The Daily Northwestern

Community organizers outline guidelines for deconstructing white privilege, racial inequality

Adrian Wan, Reporter

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Organizers of a seminar series aimed at deconstructing white privilege and racial inequality introduced a curriculum and objectives for future discussion at an event Monday evening.

About 80 Evanston residents and members of faith-based organizations attended the first part of the month-long seminar series Transforming White Privilege, organized by Unitarian Church Evanston, Beth Emet Synagogue, Grace Lutheran Church and Lake Street Church of Evanston. At the event, held at the Unitarian Church, attendees shared their interpretation and personal experiences related to white privilege.

Elaine Robbins-Harris, a professional learning and development consultant, and Rina Campbell, a social educator and trainer, coordinated the event.

Campbell said the bias toward particular social groups was not an “innate characteristic” of human beings, but that it originated from people’s unwillingness to interact with those who have different backgrounds. The lack of understanding what other social groups value limits people’s ability to empathize and can often “escalate into prejudice and discrimination,” she added.

Consequently, Campbell said, the curriculum of the seminar was designed to help participants identify and reflect upon existing racial disparities, which are reinforced by institutions — ranging from healthcare system to media outlets — that neglect the need of underprivileged groups.

“When all these layers of bias, prejudice and discrimination go unchecked, they become structural,” Campbell said. “It becomes cemented in our institutions … and it churns out inequality.”

Pointing to the case in which a 60-year-old Evanston man mistaken for an armed robbery suspect was forcibly handcuffed by Evanston Police Department officers, the seminar’s facilitator, Susan Carlton, said she believed the man was targeted because of his racial identity. Although many local residents are strongly committed to social justice work, the incident showed that Evanston is not “immune” to white privilege, she said.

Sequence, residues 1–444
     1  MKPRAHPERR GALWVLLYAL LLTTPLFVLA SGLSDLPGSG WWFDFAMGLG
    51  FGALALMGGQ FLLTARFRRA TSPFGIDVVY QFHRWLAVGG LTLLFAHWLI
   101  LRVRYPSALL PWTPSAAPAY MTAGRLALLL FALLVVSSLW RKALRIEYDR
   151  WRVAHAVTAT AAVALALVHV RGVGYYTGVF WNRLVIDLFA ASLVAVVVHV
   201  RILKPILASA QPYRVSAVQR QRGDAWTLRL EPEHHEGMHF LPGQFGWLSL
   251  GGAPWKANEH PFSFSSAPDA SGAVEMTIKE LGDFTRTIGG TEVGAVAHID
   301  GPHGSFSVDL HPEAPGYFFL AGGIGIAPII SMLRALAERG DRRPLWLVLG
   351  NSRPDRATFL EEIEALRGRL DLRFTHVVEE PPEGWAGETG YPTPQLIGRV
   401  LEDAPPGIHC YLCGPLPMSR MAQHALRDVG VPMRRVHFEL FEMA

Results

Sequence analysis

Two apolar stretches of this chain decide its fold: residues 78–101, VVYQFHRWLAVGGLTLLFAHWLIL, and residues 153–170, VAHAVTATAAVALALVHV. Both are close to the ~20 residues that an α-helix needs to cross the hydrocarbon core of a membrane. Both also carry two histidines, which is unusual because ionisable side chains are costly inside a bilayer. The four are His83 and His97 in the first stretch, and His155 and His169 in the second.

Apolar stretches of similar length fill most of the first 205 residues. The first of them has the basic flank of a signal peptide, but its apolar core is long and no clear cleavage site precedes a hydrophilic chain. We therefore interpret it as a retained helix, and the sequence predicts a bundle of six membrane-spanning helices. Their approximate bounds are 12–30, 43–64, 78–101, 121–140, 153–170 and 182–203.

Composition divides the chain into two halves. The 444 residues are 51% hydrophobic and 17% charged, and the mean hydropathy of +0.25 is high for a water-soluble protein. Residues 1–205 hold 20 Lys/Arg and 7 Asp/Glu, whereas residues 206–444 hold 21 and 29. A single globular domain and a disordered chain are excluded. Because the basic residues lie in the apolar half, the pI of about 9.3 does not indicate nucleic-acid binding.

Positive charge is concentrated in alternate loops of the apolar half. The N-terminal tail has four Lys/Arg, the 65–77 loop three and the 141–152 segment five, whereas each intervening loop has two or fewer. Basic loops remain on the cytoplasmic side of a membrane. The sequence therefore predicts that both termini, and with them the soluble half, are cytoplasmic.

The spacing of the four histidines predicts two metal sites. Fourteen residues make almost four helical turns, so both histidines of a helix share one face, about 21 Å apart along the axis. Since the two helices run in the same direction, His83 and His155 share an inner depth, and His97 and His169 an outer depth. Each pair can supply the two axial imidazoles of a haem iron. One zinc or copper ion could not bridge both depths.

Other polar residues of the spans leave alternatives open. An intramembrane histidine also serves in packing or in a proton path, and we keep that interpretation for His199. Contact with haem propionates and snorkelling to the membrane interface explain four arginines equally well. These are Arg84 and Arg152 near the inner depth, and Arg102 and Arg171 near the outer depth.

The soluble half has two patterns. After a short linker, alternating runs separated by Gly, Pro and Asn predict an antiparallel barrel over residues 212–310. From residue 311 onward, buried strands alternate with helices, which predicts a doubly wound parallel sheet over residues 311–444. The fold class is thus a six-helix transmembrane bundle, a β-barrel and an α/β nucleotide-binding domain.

She added that the racial discrimination was also exemplified in the low enrollment rate of black students in Advanced Placement classes at Evanston Township High School. According to the Illinois Report Card, in 2017 there were 171 black students across grades 10-12 at ETHS enrolled in AP classes, as opposed to the 629 white students enrolled. Black students thus made up just over 16 percent of enrollment in AP classes, but 29.4 percent of the total school enrollment. In the total school, Carlton said the ETHS administration’s inability to effectively address the achievement gap shows the insufficient attention from the public.

“(Those AP classes) have been predominantly white,” Carlton said. “So what’s going on that there are so few black students in those classes? Those kids aren’t stupid.”

Sarah Vanderwicken, one of Transforming White Privilege’s organizers, said during the next three seminars, participants will explore the how past legislation, such as the Naturalization Act and the Social Security Act, laid the foundation for current racial inequality. Signed into effect in 1790, Naturalization Act required immigrants to live for at least two years and be a “free white person” to be considered eligible for applying for U.S. citizenship.

Vanderwicken hopes to eliminate the institutionalized white privilege that aggravates racial inequality, and said she expects the program to encourage community members to advocate for positive changes in the Evanston community.

“It’s not until a large number of white people begin to understand this that I think there’s going to be opportunity for some significant change without a race war,” Vanderwicken said. “(And after the program), they will have language to use and skills to use that will help other people … begin to understand this.”

Email: limingwan2021@u.northwestern.edu
Twitter: @piuadrianw

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